If anyone has information on wanted parties or parties who are breaching their conditions of their release, please call Crime Stoppers at 1-800-222-TIPS (8477) or text Tip201 to CRIMES (274637), or contact Sergeant Paul Harrower (Milton/Halton Hills) at 905-825-4747 ext. 2467, Detective Constable Tim Woollands (Oakville) at 905-825-4747 ext. 2208, and/or Sergeant Dwayne Perron (Burlington) at 905-825-4747 ext. 2387.

The Provincial Anti-Violence Intervention Strategy (PAVIS) is a multi-agency program run through the Ministry of Community Safety and Correctional Services. The Halton Regional Police Service (HRPS) has been participating in this program since 2007.

The most recent submission to the PAVIS program was initiated in 2016 and was approved by the Ministry later that year. The approved funding term concludes on December 31, 2016. The submission that was made and approved is built around the HRPS response to Community Safety Planning in Halton Region.

Strategies include increased resources for weekend/evening patrols of individuals who fail to comply with court-imposed conditions; ensuring compliance through increased checks; stakeholder collaboration with external partners for matters pertaining to the sentencing of offenders, and; additional resources to pursue arrest warrants.

During this funding term, the HRPS will continue partnering with stakeholders to increase organizational and community capacity to prevent and address recidivism through the application of risk-based interventions.

Take a closer look at the reasons for these people being arrested – they are serious offences.

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If Pearson closes - what happens to the co-op nursery program?

News 100 blueBy Pepper Parr

October 25th, 2016



Should the Halton District School Board trustees decide that the Lester B. Pearson High School should be closed and its students asked to attend M.M. Robinson instead that would bring to an end a school that was created for the community more than forty years ago when the idea of a community school was considered important.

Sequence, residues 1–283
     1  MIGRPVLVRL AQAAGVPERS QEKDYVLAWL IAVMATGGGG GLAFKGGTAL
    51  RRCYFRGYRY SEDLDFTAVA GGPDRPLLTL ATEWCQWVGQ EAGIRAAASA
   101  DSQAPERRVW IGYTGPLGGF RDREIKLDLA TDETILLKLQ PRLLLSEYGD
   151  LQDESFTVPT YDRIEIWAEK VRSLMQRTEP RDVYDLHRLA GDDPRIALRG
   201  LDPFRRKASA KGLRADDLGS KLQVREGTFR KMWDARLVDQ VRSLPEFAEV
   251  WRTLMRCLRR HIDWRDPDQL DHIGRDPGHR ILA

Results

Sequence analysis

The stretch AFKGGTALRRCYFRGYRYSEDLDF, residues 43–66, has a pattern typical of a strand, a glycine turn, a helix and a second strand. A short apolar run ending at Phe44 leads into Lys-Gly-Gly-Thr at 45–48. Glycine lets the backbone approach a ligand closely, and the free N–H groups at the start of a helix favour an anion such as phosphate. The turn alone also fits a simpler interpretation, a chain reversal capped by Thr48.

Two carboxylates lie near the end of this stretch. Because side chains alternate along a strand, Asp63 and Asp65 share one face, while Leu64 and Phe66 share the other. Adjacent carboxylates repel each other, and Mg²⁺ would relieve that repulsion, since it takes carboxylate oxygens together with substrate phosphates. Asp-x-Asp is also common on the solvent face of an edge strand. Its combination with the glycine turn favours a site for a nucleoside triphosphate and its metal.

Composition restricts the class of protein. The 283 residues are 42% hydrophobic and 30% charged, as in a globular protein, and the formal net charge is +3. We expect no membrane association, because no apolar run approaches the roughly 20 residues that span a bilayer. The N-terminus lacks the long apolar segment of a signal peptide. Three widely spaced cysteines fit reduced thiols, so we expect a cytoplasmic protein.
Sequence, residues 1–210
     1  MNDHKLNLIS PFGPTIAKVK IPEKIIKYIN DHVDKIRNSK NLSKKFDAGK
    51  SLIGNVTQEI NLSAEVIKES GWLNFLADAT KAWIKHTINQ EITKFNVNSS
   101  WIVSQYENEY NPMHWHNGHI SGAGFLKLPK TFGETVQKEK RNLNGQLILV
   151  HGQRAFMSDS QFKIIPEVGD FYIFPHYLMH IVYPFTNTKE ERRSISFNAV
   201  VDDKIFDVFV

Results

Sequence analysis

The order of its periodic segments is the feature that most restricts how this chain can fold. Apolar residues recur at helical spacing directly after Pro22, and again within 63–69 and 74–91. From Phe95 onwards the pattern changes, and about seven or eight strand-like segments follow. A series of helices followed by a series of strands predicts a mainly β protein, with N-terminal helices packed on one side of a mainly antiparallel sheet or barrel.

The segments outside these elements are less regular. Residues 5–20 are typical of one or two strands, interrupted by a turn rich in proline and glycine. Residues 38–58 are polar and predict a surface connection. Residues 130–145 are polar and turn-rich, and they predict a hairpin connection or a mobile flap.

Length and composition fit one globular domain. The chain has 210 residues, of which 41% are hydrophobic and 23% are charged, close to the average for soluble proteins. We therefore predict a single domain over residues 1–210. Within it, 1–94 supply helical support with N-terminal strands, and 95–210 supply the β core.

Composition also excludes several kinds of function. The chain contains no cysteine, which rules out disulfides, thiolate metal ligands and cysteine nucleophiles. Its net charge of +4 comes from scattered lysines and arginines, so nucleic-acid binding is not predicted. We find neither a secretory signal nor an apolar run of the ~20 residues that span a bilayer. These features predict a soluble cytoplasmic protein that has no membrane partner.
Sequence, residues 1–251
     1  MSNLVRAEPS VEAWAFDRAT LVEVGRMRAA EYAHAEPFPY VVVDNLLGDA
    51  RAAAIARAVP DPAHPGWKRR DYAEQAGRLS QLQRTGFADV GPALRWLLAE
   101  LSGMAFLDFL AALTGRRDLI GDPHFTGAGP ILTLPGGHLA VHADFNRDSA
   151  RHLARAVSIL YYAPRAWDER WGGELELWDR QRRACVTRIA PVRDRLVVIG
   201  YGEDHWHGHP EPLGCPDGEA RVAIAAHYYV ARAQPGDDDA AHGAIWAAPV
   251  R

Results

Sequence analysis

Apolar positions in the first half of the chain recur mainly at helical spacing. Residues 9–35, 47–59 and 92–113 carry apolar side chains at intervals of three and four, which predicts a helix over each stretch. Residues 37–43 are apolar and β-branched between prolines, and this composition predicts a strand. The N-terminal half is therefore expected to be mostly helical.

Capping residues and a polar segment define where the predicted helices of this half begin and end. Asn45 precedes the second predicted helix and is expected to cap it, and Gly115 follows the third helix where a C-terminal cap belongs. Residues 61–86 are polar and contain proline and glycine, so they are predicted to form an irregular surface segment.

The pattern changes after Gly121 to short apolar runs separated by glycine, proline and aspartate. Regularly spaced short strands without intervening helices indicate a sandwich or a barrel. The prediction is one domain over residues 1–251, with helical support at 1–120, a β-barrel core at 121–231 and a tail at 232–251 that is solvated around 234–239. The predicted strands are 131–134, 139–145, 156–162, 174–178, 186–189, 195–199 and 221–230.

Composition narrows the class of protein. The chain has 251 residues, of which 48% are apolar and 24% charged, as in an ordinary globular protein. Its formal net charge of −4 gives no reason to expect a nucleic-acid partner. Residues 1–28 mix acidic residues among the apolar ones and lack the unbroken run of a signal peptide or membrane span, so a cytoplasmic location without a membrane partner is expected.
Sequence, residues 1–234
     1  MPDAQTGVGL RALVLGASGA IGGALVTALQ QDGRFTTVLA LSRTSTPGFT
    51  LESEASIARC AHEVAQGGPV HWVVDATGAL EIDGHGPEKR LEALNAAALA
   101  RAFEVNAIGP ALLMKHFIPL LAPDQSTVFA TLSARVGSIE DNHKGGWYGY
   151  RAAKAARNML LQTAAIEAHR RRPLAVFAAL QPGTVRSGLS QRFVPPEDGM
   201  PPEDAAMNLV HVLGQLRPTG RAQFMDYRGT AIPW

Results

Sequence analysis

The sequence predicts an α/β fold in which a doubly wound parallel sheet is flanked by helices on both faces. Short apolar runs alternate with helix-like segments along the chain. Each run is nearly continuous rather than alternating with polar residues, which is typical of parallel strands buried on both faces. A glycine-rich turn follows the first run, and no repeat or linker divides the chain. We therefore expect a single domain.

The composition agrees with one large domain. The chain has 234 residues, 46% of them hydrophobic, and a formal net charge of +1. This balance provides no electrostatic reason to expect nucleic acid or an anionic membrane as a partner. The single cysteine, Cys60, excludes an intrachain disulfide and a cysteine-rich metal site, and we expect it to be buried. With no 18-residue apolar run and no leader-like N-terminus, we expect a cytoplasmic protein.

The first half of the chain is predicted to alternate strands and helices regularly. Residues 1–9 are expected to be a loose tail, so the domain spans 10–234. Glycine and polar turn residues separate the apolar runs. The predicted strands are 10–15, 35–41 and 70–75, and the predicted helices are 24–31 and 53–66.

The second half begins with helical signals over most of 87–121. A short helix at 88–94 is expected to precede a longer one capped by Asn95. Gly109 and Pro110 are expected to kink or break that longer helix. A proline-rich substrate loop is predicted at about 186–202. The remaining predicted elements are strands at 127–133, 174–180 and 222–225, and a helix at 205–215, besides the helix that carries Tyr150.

Great way to get an idea as to just what the alphabet is for the nursery set.

The Pearson school was made even more unique when a Co-op nursery program was included. That nursery now provides classes for close to 100 children.

There are morning and afternoon sessions in a setting that will be very very hard to replicate.

Fiona Wielhouwer, with a certificate that is the equivalent to the Canadian Early Childhood Education that she earned in the United Kingdom, is the supervisor who reports to a nine parent volunteer board. That board may have a very serious and perhaps daunting task ahead of them.


Tucked in at the very back of the high school the nursery has a seperate entrance and a secure well outfitted playground.

The nursery co-op was planned as part of a school that would serve the wider community. A school the size of Pearson would normally have two gymnasiums – Pearson has three. The intention right from the beginning was to make the space available to everyone in the community.

The nursery serves as a student placement location for those who think they might want to work in the childhood care field. It is also affiliated with both Sheridan and Mohawk colleges where Early Childhood courses are given.

Fiona Wielhouwer explains that the nursery uses an enquiry based approach to the care they give the children. “We aren’t a drop and run location – we work with the parents and prepare the children for the JK and SK classes they will move on to – during their time with us the children get used to the idea of being away from Mommy for short periods of time and they learn to mix with other children.

The nursery interacts with the high school but administratively it is a separate organization. We do get help from the IT people in the high school and when we need something from the shop people they work with us.


Portables that were once necessary are now empty – a sign of the enrollment decline.

As a community school it works. Pearson was never intended as a large high school. When enrollment exceeded the capacity a bunch of portables were stuck at the front of the school – they are now empty.

When the school was created it was intended as a “lab” school – a place where different ideas would be tested. The co-op nursery in a school has worked out very well. Some of that original thinking seems to have been forgotten and now it is a matter of numbers.

There are now parents who have their children in the nursery – there was a time when they were in the nursery and then attended the high school.

The city is said to have invested some money in the school when it was built and the belief is that the Region supports the nursery financially.

There was a time when there were community clubs in the school – the place was a real community hub – that too seems to have been given up on.